A study exonerates the red meat and processed of the reproaches of the WHO (but the critics show that the debate follows open)
In 2015, the WHO issued a controversial opinion on red and processed meat: it should move up the list of "potentially carcinogenic" foods. This decision, however, was heavily criticized, and not only by ribeye fans or hot dogs.
In fact, from the scientific field itself, the WHO was accused of promoting a "false alarm" by generating the feeling among street people that the correlation between colorectal cancer and meat consumption was equivalent to that of cancer. lung and tobacco use.
But the controversy died down without the WHO giving back its recommendation to reduce the consumption of red and processed meats. And so things have remained until the journal 'Annals of Internal Medicine' has published a meta-review of hundreds of studies (with millions of participants) conducted to date that concludes that, indeed, the WHO rushed into its decision .
"It will undoubtedly be controversial," says the editorial accompanying the academic paper, signed by 14 researchers, in anticipation of the controversy for contradicting the 'nutritional consensus'. "But it's based on the most extensive review to date of the data. Anyone who wants to question it will have trouble finding evidence to refute it."
But what are the controversial conclusions that this new study has reached?
- That there is insufficient evidence of the cause-effect relationship between consumption of these foods and increased mortality. They come to call it "statistically irrelevant".
- That, although this relationship is proven, the reduction of meat consumption does not have a relevant impact on our health.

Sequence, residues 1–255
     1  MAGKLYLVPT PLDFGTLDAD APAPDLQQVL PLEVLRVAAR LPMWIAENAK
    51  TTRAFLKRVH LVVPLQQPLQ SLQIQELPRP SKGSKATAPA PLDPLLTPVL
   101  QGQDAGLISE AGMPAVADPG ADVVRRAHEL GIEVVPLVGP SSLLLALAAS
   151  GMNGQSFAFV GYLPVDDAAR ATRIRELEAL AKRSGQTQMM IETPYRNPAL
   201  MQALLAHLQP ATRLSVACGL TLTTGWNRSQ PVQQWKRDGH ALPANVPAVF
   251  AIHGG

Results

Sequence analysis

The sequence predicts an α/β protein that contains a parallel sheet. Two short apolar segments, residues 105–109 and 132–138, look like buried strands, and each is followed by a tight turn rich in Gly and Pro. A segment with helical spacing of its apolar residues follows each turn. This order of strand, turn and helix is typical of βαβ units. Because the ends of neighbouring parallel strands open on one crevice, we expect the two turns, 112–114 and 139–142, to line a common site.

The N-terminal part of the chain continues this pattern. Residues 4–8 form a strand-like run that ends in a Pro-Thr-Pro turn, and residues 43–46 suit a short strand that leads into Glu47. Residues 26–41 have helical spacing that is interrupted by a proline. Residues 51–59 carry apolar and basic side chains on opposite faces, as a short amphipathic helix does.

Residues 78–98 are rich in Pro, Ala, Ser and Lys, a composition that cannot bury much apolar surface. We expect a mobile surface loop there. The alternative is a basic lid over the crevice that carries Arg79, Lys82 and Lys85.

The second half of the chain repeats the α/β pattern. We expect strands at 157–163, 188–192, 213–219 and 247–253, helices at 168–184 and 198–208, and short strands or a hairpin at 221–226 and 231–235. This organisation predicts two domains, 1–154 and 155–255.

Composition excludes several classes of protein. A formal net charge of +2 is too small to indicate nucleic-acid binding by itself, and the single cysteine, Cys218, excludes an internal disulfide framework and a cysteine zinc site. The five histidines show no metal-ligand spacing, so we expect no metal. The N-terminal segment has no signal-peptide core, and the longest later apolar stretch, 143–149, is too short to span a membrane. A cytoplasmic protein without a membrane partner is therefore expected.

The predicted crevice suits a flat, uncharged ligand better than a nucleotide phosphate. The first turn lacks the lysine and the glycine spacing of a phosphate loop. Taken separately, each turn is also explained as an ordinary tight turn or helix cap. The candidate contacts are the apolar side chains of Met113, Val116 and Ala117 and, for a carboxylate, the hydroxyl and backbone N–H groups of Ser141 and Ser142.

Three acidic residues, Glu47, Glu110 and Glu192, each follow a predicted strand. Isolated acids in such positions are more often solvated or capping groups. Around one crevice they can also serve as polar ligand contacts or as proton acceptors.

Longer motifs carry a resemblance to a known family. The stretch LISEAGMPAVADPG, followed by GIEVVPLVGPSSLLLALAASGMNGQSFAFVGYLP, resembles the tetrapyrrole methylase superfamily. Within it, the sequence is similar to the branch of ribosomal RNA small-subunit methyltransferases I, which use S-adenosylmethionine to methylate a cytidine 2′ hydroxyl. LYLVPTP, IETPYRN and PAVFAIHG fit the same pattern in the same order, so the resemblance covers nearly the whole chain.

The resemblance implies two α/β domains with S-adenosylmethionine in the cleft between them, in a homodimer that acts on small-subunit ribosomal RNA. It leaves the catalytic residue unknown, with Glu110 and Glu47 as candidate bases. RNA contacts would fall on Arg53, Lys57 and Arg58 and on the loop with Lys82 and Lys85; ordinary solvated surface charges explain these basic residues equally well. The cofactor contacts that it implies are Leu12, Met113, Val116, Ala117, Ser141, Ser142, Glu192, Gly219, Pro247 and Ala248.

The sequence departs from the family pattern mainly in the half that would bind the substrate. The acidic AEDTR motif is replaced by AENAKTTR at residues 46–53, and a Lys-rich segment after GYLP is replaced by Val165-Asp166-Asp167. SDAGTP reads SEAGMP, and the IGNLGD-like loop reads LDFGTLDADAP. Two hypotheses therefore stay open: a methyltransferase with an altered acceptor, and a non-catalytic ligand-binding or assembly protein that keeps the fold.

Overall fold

- That it is not rigorous to establish dietary restrictions taking into account the above.
Based on all this, and after reviewing another series of articles on eating habits, the authors of the study in question concluded that most consumers of red and processed meats had already reduced their level of consumption of the same , and that there was insufficient evidence to insist that a further reduction would have positive consequences on their health.
No, the debate is not closed
Closed debate, then? Do we pardon and leave red and processed meat 'free'? Well, not so fast: here, too, voices have been raised from the academic sphere criticizing the study.
Miguel Ángel Martínez, professor of Epidemiology and Public Health at the University of Navarra, criticizes the study methodology published in 'Annals of Internal Medicine': it is commonly used to study the efficacy of drugs, but it is not equally valid in the field of nutrition.
But the most relevant criticisms have come from an institution as relevant as the Harvard University School of Public Health, whose researchers affirm that:
"It contradicts the large body of evidence indicating that increased consumption of red meat is associated with an increased risk of type 2 diabetes, cardiovascular disease, certain types of cancer, and premature death."
Harvard scientists also criticize that the conclusions outlined above have been published in a relevant medical journal, since it can help "harm public health, that of patients and that of the planet."
In part, what is on the table is a debate on the very concept of nutritional research, and on the possibility of determining the effects of a single group of components on the human diet.
So ... have we reached any conclusion that will settle the controversy? Not remotely: we are where we were. It seems that further investigation will be required.
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